Testing Whether Intertemporal Labor Supply is Determined Between Jobs
AbstractThe hypothesis that employers have an interest in the hours worked by their employees suggests that hours and wages are systematically related. Since employer interest may constrain employee hours of work, individuals realize their preferences for hours through their choices of jobs. An important implication of this hypothesis is that the intertemporal labor supply elasticity is manifested in labor supply responses to wage changes between jobs.
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Bibliographic InfoPaper provided by California Irvine - School of Social Sciences in its series Papers with number 00-01-15.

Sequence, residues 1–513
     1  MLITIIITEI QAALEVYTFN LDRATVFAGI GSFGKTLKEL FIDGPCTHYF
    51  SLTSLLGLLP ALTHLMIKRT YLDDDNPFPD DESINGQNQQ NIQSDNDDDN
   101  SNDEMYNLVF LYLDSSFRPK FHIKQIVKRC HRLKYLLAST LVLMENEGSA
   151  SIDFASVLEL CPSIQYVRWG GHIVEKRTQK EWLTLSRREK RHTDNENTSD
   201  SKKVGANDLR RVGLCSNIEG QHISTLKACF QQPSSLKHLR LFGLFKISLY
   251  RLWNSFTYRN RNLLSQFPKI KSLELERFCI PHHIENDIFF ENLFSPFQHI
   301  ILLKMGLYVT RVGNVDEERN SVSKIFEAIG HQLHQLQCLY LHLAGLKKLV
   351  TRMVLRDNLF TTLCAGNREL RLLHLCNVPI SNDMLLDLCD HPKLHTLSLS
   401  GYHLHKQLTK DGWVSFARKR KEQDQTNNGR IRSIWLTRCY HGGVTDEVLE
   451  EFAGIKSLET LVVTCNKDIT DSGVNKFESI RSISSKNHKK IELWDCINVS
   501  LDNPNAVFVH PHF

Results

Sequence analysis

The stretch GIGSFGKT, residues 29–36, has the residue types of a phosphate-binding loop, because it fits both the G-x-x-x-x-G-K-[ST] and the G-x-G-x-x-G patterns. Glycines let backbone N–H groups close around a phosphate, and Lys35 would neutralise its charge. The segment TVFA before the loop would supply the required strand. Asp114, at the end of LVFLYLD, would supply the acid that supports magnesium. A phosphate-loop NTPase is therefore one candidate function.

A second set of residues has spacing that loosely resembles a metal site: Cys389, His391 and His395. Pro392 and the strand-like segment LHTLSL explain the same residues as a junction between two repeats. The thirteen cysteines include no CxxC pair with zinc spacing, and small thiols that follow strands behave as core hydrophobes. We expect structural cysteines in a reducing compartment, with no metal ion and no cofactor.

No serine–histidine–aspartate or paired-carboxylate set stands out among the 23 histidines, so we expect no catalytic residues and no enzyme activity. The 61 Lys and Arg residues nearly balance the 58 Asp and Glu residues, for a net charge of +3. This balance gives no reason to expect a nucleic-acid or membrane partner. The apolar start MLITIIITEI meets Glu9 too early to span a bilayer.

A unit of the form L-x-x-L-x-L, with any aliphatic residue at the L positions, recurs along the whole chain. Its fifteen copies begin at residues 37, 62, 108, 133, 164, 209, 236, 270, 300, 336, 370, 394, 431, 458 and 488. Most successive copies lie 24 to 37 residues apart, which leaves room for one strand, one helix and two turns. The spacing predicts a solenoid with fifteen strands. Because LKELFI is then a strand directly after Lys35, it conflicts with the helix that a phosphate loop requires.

Length: 27 pages
Date of creation: 2000
Date of revision:
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Postal: UNIVERSITY OF CALIFORNIA IRVINE, SCHOOL OF SOCIAL SCIENCES, IRVINECALIFORNIA 91717 U.S.A.
WORKERS ; LABOUR ; INFORMATION ; LABOUR MARKET ; SUPPLY;
Find related papers by JEL classification:
- J22 - Labor and Demographic Economics - - Demand and Supply of Labor - - - Time Allocation and Labor Supply
- J33 - Labor and Demographic Economics - - Wages, Compensation, and Labor Costs - - - Compensation Packages; Payment Methods
- C33 - Mathematical and Quantitative Methods - - Multiple or Simultaneous Equation Models; Multiple Variables - - - Models with Panel Data; Spatio-temporal Models
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- Joseph G. Altonji & Jennifer Oldham, 2003. "Vacation laws and annual work hours," Economic Perspectives, Federal Reserve Bank of Chicago, issue Q III, pages 19-29.
- Martinez-Granado, Maite, 2005. "Testing labour supply and hours constraints," Labour Economics, Elsevier, vol. 12(3), pages 321-343, June.
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